Take a look inside the Broad


Inside The Broad, 1st floor.

Julie Gauthier

There’s been a lot of hype behind the Broad, downtown Los Angeles’ newest museum. Through exhibits like the lighting room or perhaps the long line to get in, the new museum is definitely attracting a lot of art fans.

Built by philanthropists Eli and Edythe Broad and designed by Diller Scofidio, the museum is free for the public. The contemporary museum offers more than 2,000 pieces works of art.

82-foot-long painting by Takashi Murakami

The building itself is a peace of art. The concept of “veil-and-vault” is innovative to see – a 120,000-square-foot, $140-million building features two floors of gallery. The experience of the Broad makes it unique and spacious. The elevator takes visitors to the top of the building where they enter a room with art from Jeff Koons named “Tulips”.

By Lari Pittman
By Lari Pittman

From Andy Warhol to Basquiat, the Broad’s art room offers enough diversity for all ages. The private collection by the philanthropists also offers different paintings, sculpture, music movie and sound that will leave anyone inspired.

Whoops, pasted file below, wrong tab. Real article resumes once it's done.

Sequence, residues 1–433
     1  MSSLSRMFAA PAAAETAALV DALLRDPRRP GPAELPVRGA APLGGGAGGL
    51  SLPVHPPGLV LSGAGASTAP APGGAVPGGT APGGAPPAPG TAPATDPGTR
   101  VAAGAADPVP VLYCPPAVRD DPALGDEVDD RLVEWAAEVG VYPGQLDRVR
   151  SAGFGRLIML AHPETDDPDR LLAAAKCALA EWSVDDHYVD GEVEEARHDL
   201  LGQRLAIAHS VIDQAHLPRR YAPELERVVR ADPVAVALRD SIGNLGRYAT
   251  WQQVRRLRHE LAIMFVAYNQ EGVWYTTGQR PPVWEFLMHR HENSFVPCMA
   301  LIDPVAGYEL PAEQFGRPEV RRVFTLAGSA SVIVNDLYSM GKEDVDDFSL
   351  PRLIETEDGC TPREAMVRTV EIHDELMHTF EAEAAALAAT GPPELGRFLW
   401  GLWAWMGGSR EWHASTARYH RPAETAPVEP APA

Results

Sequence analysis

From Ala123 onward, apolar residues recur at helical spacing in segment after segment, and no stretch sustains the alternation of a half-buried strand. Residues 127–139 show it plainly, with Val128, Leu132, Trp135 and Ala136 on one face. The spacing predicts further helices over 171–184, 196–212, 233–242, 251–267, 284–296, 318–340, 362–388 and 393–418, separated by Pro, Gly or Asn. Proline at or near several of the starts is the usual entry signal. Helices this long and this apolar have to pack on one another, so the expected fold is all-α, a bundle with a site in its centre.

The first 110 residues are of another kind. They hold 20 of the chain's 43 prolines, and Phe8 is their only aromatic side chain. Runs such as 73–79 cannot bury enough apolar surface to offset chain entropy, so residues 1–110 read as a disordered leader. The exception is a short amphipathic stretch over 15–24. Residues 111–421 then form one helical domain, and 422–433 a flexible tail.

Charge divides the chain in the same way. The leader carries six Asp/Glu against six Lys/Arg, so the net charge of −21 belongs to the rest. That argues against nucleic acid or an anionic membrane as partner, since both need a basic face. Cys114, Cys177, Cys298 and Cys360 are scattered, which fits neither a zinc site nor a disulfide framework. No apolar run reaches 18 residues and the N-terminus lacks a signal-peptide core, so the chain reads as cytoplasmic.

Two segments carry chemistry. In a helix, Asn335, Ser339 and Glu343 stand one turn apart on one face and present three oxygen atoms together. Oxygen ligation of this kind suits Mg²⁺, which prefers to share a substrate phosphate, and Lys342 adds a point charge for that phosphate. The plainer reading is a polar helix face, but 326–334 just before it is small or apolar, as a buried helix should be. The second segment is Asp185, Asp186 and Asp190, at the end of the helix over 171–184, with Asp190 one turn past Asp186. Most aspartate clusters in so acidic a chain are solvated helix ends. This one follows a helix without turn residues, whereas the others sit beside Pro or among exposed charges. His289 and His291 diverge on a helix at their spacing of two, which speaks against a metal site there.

The most talked about exhibit is the installation by Japanese artist Yayoi Kusama titled “Infinity Mirrored Room-The Souls of Millions of Light Years Away.” The room is small and is surrounded by mirrors and water. The viewer enters the room and stays on a small platform to experience the light for 45 seconds. It is an interesting experience that each visitor gets the privilege to experience alone if he or she has the time to get there early and sign up at the entrance.

The free tickets at the Broad can be reserved on the museum’s website. If the selected date is sold out, visitors are welcome to wait in standby for availability. The Broad is open six days a week, Tuesday through Sunday.